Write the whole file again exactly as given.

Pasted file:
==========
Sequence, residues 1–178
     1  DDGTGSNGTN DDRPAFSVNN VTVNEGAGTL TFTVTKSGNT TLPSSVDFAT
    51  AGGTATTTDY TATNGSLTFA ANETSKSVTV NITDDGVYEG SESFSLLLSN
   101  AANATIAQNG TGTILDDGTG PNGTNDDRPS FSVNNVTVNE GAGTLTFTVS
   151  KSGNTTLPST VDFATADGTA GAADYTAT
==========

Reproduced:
Sequence, residues 1–178
     1  DDGTGSNGTN DDRPAFSVNN VTVNEGAGTL TFTVTKSGNT TLPSSVDFAT
    51  AGGTATTTDY TATNGSLTFA ANETSKSVTV NITDDGVYEG SESFSLLLSN
   101  AANATIAQNG TGTILDDGTG PNGTNDDRPS FSVNNVTVNE GAGTLTFTVS
   151  KSGNTTLPST VDFATADGTA GAADYTAT